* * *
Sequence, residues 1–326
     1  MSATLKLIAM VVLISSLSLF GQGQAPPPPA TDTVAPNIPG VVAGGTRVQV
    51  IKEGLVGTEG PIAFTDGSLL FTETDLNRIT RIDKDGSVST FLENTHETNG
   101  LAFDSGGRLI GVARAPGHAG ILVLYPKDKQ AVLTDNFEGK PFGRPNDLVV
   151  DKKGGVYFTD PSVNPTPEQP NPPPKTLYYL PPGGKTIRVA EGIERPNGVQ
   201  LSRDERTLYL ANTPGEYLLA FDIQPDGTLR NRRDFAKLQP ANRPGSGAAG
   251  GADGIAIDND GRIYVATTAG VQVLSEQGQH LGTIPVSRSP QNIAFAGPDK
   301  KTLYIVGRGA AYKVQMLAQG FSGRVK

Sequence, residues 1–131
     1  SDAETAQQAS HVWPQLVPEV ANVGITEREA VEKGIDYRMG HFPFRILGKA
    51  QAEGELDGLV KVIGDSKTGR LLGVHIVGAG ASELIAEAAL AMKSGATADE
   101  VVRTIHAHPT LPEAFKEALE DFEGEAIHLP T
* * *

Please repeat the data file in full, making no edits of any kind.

Sequence, residues 1–326
     1  MSATLKLIAM VVLISSLSLF GQGQAPPPPA TDTVAPNIPG VVAGGTRVQV
    51  IKEGLVGTEG PIAFTDGSLL FTETDLNRIT RIDKDGSVST FLENTHETNG
   101  LAFDSGGRLI GVARAPGHAG ILVLYPKDKQ AVLTDNFEGK PFGRPNDLVV
   151  DKKGGVYFTD PSVNPTPEQP NPPPKTLYYL PPGGKTIRVA EGIERPNGVQ
   201  LSRDERTLYL ANTPGEYLLA FDIQPDGTLR NRRDFAKLQP ANRPGSGAAG
   251  GADGIAIDND GRIYVATTAG VQVLSEQGQH LGTIPVSRSP QNIAFAGPDK
   301  KTLYIVGRGA AYKVQMLAQG FSGRVK

Sequence, residues 1–131
     1  SDAETAQQAS HVWPQLVPEV ANVGITEREA VEKGIDYRMG HFPFRILGKA
    51  QAEGELDGLV KVIGDSKTGR LLGVHIVGAG ASELIAEAAL AMKSGATADE
   101  VVRTIHAHPT LPEAFKEALE DFEGEAIHLP T